Dream telepathy is the purported ability to communicate telepathically with another person while one is dreaming.
The first person in modern times to document telepathic dreaming was Sigmund Freud.
In the 1940s it was the subject of the Eisenbud-Pederson-Krag-Fodor-Ellis controversy, named after the preeminent psychoanalysts of the time who were involved Jule Eisenbud, Geraldine Pederson-Krag, Nandor Fodor, and Albert Ellis.
There is no scientific evidence that dream telepathy is a real phenomenon. Parapsychological experiments into dream telepathy have not produced replicable results.
The notion and speculation of communication via dreaming were first mooted in psychoanalysis by Sigmund Freud in 1921. He produced a model to express his ideas about telepathic dreaming.
His 1922 paper Dreams and Telepathy is reproduced in the book Psychoanalysis and the Occult (1953) and was intended to be a lecture to the Vienna Psycho-Analytical Society, although he never delivered it.
Freud considered that a connection between telepathy and dreams could be neither proven nor disproven. He was distinctly suspicious of the whole idea, noting that he himself had never had a telepathic dream. (His two dreams that were potentially telepathic, where he dreamed of the deaths of a son and of a sister-in-law, which did not occur, he labeled as “purely subjective anticipations”.)
His ideas were not widely accepted at the time, but he continued to publicly express his interest and findings of telepathic dreaming. He also observed that he had not encountered any evidence of dream telepathy in his patients.
Freud claims neutrality about the phenomenon itself, states that the sleep milieu has special likely properties for it if it does exist, and discounts all of the cases presented to him on standard psychoanalytic grounds (e.g. neurosis, transference, etc.).
In the 1940s Jule Eisenbud, Geraldine Pederson-Krag and Nandor Fodor described alleged cases of dream telepathy. Albert Ellis regarded their conclusions to have been based upon flimsy evidence, and that they could be better explained by bias, coincidence, and unconscious cues than by dream telepathy.
He also accused them of an emotional involvement in the notion, resulting in their observations and judgment being clouded.
Psychologist L. Börje Löfgren also criticised dream telepathy experiments of Eisenbud. He stated that coincidence was a more likely explanation and the “assumption of paranormal forces to explain them is unnecessary.”
Montague Ullman was notable for conducting dream telepathy experiments. His results were never replicated.
There have been many experiments done to test the validity of dream telepathy and its effectiveness, but with significant issues of blinding. Many test subjects find ways to communicate with others to make it look like telepathic communication.
Attempts to cut off communication between the agent, sender, and receiver of information failed because subjects found ways to get around blindfolds no matter how intricate and covering they were.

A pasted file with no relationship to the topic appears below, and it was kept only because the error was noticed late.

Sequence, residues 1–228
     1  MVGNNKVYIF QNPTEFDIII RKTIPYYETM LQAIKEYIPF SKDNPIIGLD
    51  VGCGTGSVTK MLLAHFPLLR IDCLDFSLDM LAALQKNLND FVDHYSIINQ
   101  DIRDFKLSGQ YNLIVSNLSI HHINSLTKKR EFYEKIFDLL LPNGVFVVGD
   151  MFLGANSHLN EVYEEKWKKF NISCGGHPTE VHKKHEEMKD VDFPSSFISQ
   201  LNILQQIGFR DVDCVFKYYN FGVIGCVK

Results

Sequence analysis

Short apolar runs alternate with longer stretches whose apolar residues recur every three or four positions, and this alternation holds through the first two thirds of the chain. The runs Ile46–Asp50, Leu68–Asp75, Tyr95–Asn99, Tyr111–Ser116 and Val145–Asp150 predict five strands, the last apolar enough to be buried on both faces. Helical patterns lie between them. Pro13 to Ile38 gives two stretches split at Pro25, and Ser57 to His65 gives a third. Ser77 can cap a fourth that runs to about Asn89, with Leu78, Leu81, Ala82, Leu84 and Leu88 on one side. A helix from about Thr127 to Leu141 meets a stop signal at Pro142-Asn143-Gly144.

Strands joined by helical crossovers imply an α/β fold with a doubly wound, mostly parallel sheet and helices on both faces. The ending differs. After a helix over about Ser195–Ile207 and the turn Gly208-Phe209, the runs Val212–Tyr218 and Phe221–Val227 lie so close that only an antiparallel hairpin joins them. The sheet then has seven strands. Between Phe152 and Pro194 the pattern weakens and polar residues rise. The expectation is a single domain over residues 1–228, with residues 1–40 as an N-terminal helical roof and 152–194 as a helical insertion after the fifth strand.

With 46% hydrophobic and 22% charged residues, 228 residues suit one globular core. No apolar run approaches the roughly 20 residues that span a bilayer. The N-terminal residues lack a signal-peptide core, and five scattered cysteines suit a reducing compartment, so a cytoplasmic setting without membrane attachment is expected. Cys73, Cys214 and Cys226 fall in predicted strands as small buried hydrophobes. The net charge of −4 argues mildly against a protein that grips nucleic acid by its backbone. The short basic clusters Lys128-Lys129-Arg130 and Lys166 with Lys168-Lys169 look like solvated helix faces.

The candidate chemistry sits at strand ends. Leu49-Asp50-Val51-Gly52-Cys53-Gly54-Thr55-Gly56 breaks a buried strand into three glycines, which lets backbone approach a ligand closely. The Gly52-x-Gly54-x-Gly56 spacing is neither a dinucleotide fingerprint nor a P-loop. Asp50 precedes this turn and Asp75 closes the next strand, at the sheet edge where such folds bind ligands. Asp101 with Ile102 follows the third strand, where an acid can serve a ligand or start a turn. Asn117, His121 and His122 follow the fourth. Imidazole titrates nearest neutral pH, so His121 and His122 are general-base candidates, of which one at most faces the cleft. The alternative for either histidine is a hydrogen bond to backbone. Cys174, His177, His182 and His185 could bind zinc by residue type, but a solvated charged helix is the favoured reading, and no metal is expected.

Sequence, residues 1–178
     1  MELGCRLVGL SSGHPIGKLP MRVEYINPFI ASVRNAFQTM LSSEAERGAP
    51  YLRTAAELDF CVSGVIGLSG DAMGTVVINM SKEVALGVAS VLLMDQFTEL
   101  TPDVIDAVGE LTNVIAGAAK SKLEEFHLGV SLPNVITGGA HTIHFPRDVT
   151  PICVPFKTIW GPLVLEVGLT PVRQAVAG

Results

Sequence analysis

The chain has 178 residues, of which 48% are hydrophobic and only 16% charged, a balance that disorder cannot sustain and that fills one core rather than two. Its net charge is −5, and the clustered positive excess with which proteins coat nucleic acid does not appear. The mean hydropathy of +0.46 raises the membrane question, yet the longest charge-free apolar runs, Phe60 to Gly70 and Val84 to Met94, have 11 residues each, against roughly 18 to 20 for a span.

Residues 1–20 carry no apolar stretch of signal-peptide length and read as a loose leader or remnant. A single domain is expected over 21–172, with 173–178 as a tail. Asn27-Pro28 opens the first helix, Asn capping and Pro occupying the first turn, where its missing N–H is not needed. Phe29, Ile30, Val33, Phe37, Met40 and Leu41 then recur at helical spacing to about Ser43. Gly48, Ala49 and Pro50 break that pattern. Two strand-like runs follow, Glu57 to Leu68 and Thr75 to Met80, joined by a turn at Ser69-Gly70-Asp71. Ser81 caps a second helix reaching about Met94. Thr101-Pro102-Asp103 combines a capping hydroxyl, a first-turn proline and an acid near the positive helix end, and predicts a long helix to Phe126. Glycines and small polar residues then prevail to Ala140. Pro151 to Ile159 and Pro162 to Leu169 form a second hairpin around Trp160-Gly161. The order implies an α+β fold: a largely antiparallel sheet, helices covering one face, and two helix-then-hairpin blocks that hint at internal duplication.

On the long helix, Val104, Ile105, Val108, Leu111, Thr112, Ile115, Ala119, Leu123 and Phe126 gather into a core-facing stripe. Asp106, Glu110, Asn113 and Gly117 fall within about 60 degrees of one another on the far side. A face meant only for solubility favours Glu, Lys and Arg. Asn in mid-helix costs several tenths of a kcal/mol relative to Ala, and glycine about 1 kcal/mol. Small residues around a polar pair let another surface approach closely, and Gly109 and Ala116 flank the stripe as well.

In studies at the Maimonides Medical Center in Brooklyn, New York led by Stanley Krippner and Montague Ullman, patients were monitored and awakened after a period of REM then separated to study the claimed ability to communicate telepathically. They concluded the results from some of their experiments supported dream telepathy.
The picture target experiments that were conducted by Krippner and Ullman were criticized by C. E. M. Hansel. According to Hansel, there were weaknesses in the design of the experiments in the way in which the agent became aware of their target picture.
Only the agent should have known the target and no other person until the judging of targets had been completed; however, an experimenter was with the agent when the target envelope was opened. Hansel also wrote there had been poor controls in the experiment as the main experimenter could communicate with the subject.
An attempt to replicate the experiments that used picture targets was carried out by Edward Belvedere and David Foulkes.
The finding was that neither the subject nor the judges matched the targets with dreams above chance level. Results from other experiments by Belvedere and Foulkes were also negative.
In 2003, Simon Sherwood and Chris Roe wrote a review that claimed support for dream telepathy at Maimonides. However, James Alcock noted that their review was based on “extreme messiness” of data. Alcock concluded the dream telepathy experiments at Maimonides have failed to provide evidence for telepathy and “lack of replication is rampant.”
The psychologist and noted skeptic Richard Wiseman took part in a dream telepathy experiment. It was conducted by Caroline Watt at a sleep laboratory in an attempt to replicate the results of Krippner and Ullman.
The experiment was a complete failure. According to Wiseman:
“after monitoring about twenty volunteers for several nights on end, the study didn’t discover any evidence in support of the supernatural.“
*This article was originally published at en.wikipedia.org.